It is true that many students initially major in philosophy because they are interested in (or obsessed with) certain questions for reasons that have nothing to do with job security. (That kind of obsession is a sign of intelligence, suggesting a mind that takes complexity seriously and seeks to process multiple perspec- tives before deciding what to believe and do.)

But recent statistics show that in this country philosophy majors, equipped with critical thinking and cultural literacy skills, go on to become the highest salary earners in the Humanities, with GRE and GMAT scores among the highest in all disciplines.

The vast majority of philosophy majors don’t stay in philosophy, even while they overwhelmingly report being glad they chose that major because of the skills in reasoning and writing and the larger perspective on human knowledge and the world it affords.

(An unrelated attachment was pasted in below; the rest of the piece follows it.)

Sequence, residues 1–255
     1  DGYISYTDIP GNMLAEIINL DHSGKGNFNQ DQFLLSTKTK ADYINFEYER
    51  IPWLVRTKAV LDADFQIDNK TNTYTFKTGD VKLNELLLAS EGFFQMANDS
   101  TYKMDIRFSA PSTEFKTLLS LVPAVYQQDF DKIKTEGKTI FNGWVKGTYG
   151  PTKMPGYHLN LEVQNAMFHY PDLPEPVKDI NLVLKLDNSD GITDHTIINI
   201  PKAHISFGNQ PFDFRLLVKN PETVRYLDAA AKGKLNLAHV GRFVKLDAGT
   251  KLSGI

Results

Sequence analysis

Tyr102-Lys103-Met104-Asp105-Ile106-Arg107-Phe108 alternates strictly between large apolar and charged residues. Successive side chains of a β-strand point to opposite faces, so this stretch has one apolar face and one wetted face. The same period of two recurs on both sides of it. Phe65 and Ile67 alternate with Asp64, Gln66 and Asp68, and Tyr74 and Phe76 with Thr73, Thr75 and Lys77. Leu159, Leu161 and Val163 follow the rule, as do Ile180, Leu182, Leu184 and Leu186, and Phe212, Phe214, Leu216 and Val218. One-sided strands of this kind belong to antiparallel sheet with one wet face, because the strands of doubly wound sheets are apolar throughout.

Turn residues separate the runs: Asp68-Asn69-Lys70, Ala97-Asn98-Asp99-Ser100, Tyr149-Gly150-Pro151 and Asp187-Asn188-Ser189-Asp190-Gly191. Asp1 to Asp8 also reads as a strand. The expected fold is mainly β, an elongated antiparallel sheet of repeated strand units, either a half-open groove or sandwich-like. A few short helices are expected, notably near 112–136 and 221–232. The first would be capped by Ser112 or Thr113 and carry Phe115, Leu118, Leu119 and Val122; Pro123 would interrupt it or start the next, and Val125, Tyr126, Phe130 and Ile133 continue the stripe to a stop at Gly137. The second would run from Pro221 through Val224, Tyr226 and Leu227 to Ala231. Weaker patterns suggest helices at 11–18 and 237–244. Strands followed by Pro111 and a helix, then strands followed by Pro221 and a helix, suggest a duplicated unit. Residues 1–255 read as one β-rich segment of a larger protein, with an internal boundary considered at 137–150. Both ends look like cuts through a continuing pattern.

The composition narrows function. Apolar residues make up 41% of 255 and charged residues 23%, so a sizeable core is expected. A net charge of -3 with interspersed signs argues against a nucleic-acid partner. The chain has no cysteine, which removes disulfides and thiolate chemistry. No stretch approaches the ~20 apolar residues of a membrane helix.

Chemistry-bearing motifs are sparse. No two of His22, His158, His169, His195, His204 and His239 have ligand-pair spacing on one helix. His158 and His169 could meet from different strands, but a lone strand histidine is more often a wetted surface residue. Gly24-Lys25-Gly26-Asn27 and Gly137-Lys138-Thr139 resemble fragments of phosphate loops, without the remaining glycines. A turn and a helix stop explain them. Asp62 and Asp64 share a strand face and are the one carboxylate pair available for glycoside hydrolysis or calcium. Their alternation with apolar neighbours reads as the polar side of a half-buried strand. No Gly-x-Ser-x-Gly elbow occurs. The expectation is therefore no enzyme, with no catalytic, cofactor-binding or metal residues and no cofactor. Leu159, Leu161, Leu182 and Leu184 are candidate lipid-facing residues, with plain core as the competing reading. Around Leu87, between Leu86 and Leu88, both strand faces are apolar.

Distinguished former majors include (a short list) George Soros, David Foster Wallace, Susan Sarandon, Martin Luther King, Aung San Suu Kyi, Carly Fiorino, Moby (Purchase philosophy major!), Susan Sontag, and David Souter.

If you consider the different kinds of valuable work these individuals have done, it becomes clear that, “What can I do with a Philosophy major?” is as much an existential as a practical question. This becomes even clearer if you flip the question around, “What wouldn’t I be able to do without a Philosophy major?”